Saturday, August 15, 2043.

Scientists at the Max Planck institute in Munich, Germany recruited six lucid dreamers with years of experience for their study. Once in their dream, the subjects signaled researchers with left-right-left-right eye movements and then immediately started clenching their left hand ten times. Then they performed the eye movements again and made ten clenches with their right hand. The sideways eye movements were distinguishable from the spontaneous rapid eye movements on the EOG (motor eye component of an EEG) and gave a time point for researches to measure the dreamed fist clenches. Scientist found the clenche activated the expected areas in the contralateral sensorimotor cortex.

Previous brain lesion studies in cats and Rapid eye movement behavior disorder indicated that the brain might enact dream movements activity similar to when awake, but that the movements are prevented by active motor paralysis downstream of the signal. This study was the first to image the brain during specific dream content, and it showed that dreaming movements have similarity to actual and imagined fist clenches. If this finding also holds true for the sensory areas of the brain, it indicates that the visual decoding work of labs like Jack Gallant at the University of California, Berkeley could be used to record and visualize dreams–that is if you canstay still and manage to fall asleep through the loud clunkings of a claustrophobic fMRI machine.

The Gallant Lab reverse-engineers video from the brain activity from subjects watching it.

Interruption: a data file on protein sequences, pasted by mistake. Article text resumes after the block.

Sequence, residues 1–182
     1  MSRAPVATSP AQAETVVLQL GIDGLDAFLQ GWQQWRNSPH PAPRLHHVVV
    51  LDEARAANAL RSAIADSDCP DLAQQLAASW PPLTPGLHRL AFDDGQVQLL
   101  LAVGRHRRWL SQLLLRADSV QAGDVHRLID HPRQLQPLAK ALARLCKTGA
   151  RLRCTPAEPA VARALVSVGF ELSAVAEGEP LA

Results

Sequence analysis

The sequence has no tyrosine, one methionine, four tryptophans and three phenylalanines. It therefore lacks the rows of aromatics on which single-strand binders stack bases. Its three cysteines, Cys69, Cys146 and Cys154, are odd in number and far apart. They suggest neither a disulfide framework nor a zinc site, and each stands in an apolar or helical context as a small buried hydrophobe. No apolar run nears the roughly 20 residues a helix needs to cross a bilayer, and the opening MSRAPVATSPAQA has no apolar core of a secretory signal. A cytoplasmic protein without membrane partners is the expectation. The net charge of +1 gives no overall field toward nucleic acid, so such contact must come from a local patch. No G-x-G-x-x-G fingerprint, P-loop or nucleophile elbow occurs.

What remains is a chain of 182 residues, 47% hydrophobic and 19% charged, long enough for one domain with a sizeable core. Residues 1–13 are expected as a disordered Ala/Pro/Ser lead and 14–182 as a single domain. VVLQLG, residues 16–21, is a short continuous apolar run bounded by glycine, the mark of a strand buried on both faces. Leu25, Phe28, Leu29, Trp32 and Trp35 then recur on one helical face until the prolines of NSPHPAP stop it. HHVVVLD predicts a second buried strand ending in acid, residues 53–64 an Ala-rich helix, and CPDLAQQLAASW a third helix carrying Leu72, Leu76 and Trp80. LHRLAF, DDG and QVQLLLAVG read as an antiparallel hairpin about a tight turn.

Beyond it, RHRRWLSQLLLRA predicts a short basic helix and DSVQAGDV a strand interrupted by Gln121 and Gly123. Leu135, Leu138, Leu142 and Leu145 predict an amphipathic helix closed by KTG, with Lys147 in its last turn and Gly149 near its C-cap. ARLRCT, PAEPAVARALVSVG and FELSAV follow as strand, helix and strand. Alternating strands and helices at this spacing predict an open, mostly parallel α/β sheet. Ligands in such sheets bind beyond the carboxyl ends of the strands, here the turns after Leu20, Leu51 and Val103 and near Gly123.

Decrypting alien signals

It appears as weak evidence that astrobiology experts say that we havent’t heard a single ET call in the past 50 years from the dark reaches of outer space, simply because we havent’t been listening for long enough. This is complete and utter nonsense. There are 10^26 planets out there in the far beyond, and a portion of those – maybe a 10 thousand trillion – of them have advanced communicating civilizations that are inhabiting them. There are supposed to be more than ten thousand civilizations in the galaxy alone.

Even though it takes 10,000 years for messages to traverse from one side to the other, lots of others may have occurred closer that may only take 500 years to get here. If the galaxy has existed for around ten billion years, some civilization must have evolved at a different time. Earth only came into being 4.5 billion years ago. So that leaves another 4,500,000,000 years for other civilizations to evolve. We must have heard something. It’s not like the universe enforced an intergalactic SOPA and PIPA in the precise years we’ve been listening.

The real reason we’re not hearing anything is that we are our assumptions about how such a message would look like is blatantly wrong. We assume ET will shout out in plain text to the galaxy, and will not be obscured by gas or dust, and will be in radio. And in silicon. All of these are wrong. We’ve only employed commercial radio in the past three decades, and we’ve already moved into the digital age. Where everything is encrypted into a nonsensical bunch of gibberish-like random-noise.

This has huge implications for ET’s call. All the random noise we’ve been getting it actually the stuff from alien chat-rooms and bank account transactions. If we could tap into that by finding the private encryption key, we could be onto something big.